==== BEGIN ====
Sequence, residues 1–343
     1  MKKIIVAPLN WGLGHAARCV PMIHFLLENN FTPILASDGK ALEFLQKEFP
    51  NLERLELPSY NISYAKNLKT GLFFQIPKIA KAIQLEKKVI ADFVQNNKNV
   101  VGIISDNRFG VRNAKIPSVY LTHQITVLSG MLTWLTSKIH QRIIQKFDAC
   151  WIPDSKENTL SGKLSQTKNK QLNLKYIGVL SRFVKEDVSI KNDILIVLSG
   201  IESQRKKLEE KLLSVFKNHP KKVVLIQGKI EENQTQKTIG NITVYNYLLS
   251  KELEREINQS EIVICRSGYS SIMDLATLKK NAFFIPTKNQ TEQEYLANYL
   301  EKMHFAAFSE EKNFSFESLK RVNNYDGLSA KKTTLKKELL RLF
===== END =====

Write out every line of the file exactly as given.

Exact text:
Sequence, residues 1–343
     1  MKKIIVAPLN WGLGHAARCV PMIHFLLENN FTPILASDGK ALEFLQKEFP
    51  NLERLELPSY NISYAKNLKT GLFFQIPKIA KAIQLEKKVI ADFVQNNKNV
   101  VGIISDNRFG VRNAKIPSVY LTHQITVLSG MLTWLTSKIH QRIIQKFDAC
   151  WIPDSKENTL SGKLSQTKNK QLNLKYIGVL SRFVKEDVSI KNDILIVLSG
   201  IESQRKKLEE KLLSVFKNHP KKVVLIQGKI EENQTQKTIG NITVYNYLLS
   251  KELEREINQS EIVICRSGYS SIMDLATLKK NAFFIPTKNQ TEQEYLANYL
   301  EKMHFAAFSE EKNFSFESLK RVNNYDGLSA KKTTLKKELL RLF